• Increased of decreased breathing rate
• Increased or decreased blood pressure
• Change in skin color
• Increased or decreased muscle tone (flexion or extension changes)
• Total body movement or tremor
• Grimacing, grinding teeth, chewing-like movement
• Startle to loud noise
b. Localized Responses:
• Turning head or eyes away or towards tactile or auditory stimuli on or near the face
• Attempting to move extremity touched by the tactile stimuli
• Attempting to make movement upon request (i.e. Squeeze my hand or close your eyes)
Auditory stimuli should be provided without the presence of background noise. Verbal stimuli should be presented with a normal but firm voice. Note where the stimuli are presented (on the right, left or in midline). Avoid stimulation that evokes a startled response. This type of stimulation is counterproductive. The following are examples of auditory stimuli:
• Calling name
• Voice (normal tone)
• Social conversational speech
• Tapes of family members, familiar music or voices
• One step commands
• Yes/no questions
• Pen on bedrail
• Door closing
• Music at scheduled intervals
• Squeaky toy
The patient should be positioned upright if possible (in the bed or wheelchair). Attempt visual tracking after focusing is established, i.e. getting a patient to follow a stimulus with his/her eyes as it moves. Tracking usually begins in the center or midline. Examples of visual stimuli are:
• Family pictures
• Changes in position and location
• Mobile at bedside
• Shiny objects
• Bright colored objects
• Familiar objects within the environment (clock, bed etc.)
This includes rubbing the skin with various textures or temperatures, applying vibration, and using a firm or moving touch. Bath time can be an ideal time for tactile stimulation. Care should be taken with vibration as it can increase flexor or extensor tone. The face, especially the lips and mouth, are the most sensitive areas. The following are examples of specific stimuli:
• Textures (cotton, nerf ball, fur, sandpaper, velcro, brush, terry cloth, soap, lotion, shaving cream)
• Temperature (ice, water bottle, metal utensils, warm or cold face cloth)
• Varying degrees of pressure (feather, tickling, fan, deep rubbing,
• Noxious (pin prick, rub sternum with knuckle)
Olfactory stimuli can be presented by holding a saturated cotton ball next to the patient’s nose for 2-5 seconds. Irritants such as ammonia and strong perfumes should be avoided. Olfactory stimuli may be less effective if the olfactory nerve has been damaged, or if there is a tracheostomy tube which may reduce the patient’s sense of smell. Examples of stimuli are:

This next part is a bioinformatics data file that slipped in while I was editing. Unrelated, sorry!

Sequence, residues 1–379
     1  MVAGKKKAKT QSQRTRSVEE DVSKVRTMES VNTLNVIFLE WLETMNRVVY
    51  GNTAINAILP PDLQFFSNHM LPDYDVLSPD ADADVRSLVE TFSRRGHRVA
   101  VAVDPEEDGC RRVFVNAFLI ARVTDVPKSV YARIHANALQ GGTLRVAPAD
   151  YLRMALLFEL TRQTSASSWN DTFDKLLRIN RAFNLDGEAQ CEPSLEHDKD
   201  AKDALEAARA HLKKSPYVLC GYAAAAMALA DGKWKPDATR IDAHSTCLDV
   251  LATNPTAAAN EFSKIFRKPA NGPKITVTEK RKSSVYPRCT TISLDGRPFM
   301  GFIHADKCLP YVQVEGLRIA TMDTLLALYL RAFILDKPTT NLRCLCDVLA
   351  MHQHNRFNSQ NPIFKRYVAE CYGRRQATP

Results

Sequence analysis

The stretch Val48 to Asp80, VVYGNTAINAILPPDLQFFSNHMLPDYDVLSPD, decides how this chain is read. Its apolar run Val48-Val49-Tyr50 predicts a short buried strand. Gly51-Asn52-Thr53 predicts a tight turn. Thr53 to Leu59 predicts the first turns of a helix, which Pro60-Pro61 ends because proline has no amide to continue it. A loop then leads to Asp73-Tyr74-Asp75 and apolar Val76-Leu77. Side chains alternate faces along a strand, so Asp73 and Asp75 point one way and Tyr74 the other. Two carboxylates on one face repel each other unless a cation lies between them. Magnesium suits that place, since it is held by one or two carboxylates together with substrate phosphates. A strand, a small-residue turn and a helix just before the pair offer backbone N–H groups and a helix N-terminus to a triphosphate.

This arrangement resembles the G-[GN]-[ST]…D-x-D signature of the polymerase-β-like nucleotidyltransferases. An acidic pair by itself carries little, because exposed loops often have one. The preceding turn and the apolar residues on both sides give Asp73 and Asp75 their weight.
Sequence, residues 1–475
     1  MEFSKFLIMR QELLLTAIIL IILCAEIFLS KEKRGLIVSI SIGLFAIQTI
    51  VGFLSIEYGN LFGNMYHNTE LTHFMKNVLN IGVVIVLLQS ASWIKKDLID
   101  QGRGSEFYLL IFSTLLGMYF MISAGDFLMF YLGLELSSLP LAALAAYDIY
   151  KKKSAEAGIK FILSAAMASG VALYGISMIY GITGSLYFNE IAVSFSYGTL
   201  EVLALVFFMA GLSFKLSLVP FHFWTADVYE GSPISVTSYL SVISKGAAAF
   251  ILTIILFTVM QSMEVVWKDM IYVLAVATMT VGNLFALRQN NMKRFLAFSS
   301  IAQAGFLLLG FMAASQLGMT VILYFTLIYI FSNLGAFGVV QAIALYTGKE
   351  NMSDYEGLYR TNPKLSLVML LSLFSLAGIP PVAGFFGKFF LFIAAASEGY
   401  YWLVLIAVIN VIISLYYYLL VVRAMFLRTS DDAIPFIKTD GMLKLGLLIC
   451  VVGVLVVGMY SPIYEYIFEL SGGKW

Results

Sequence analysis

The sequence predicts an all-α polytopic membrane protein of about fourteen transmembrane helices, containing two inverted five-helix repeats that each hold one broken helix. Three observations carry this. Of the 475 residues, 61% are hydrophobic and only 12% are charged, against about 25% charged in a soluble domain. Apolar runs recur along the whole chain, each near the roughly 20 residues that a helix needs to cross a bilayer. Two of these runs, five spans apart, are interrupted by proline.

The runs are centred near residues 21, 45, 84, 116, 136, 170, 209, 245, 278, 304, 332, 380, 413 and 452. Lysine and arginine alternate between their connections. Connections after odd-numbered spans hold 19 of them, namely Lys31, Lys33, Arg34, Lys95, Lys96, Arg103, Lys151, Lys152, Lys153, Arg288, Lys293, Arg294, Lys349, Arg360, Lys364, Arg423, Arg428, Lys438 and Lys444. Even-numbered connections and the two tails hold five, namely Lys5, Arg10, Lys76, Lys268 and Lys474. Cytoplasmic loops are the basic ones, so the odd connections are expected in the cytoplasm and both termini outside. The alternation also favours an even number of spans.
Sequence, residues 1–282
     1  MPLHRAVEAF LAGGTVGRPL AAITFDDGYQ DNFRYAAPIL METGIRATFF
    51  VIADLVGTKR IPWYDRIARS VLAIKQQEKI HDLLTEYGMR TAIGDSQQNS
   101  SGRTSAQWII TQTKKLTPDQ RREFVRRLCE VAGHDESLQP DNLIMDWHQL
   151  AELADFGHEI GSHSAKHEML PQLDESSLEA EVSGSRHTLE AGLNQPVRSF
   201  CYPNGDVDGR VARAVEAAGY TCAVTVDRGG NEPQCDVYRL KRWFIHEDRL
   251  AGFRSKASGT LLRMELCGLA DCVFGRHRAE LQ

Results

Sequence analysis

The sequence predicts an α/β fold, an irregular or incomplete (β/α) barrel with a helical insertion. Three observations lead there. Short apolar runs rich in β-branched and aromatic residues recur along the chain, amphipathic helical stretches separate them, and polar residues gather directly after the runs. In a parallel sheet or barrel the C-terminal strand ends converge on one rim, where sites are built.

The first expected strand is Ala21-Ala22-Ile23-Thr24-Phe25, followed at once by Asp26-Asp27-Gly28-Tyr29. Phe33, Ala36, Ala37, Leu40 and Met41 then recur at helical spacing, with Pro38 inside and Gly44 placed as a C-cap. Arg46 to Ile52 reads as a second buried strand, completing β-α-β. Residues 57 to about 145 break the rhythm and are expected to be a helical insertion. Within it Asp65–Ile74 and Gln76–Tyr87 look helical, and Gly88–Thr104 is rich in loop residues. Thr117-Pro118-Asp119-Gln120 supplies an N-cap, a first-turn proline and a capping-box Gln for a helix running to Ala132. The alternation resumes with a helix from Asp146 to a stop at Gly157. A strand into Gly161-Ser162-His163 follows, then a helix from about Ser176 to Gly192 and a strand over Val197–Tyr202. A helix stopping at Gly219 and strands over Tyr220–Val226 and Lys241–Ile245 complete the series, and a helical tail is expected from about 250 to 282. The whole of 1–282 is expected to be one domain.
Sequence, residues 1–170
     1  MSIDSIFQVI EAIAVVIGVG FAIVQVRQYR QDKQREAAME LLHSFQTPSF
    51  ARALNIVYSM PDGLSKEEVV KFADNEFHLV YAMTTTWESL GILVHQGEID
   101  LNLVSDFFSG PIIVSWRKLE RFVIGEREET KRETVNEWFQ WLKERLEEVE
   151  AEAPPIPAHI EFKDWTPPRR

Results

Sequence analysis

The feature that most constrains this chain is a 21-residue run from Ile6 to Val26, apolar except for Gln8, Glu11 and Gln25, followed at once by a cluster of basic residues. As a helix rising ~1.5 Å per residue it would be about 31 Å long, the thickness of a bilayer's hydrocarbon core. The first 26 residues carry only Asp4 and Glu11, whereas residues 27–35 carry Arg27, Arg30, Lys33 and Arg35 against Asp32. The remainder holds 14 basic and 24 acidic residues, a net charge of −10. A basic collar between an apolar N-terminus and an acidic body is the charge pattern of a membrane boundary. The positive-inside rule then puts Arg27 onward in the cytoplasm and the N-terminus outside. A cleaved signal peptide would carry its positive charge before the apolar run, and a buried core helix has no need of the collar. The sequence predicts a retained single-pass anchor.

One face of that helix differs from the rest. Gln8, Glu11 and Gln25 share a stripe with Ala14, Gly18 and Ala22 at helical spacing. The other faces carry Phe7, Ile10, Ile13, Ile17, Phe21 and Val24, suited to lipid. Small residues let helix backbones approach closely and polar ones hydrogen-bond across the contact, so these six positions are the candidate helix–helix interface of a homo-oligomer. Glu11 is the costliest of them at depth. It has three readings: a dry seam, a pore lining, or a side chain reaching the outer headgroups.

• Fruit Extracts (lemon, strawberry)
• Scratch n’ sniff items
• Foods (lemons, onions, coffee grinds, chocolate, peanut butter etc)
e. Movement/Positioning/Proprioceptive- Kinesthetic:
Heart rate, ICP and blood pressure should be monitored during stimulation. Examples of this are:
• Various positions (check level of responsiveness in each)
• Range of motion
• Elevate head or foot of bed
• Elevate arms or legs on pillows
• Uncomfortable positions
• Hoyer lift and all transfers
• Rolling in a sheet in bed
Oral Stimulation should be provided during routing oral care, unless the patient demonstrates a bite reflex.
• Use a sponge tipped or lemon glycerin swab or a soft toothbrush to diminish hypersensitivity and abnormal oral/facial reflexes
• Use a flavored cleansing agent, such as mint or lemon, to increase oral stimulation during oral care
• Provide stimulation to the lips and area around the mouth
• Do not attempt to feed patients in a coma
Vestibular stimuli are contraindicated in patients with tracheostomy, elevated ICP or seizure. This stimulus is provided by changing body position while monitoring heart rate, ICP and blood pressure. Position changes that are meaningful and familiar should be used. The following are examples:
• Tilting the bed
• Moving the patient in bed or on the mat
• Rocking slowly
Revised 2002 by Jeanne Roder, MS SLP CCC Adapted from the Miami Project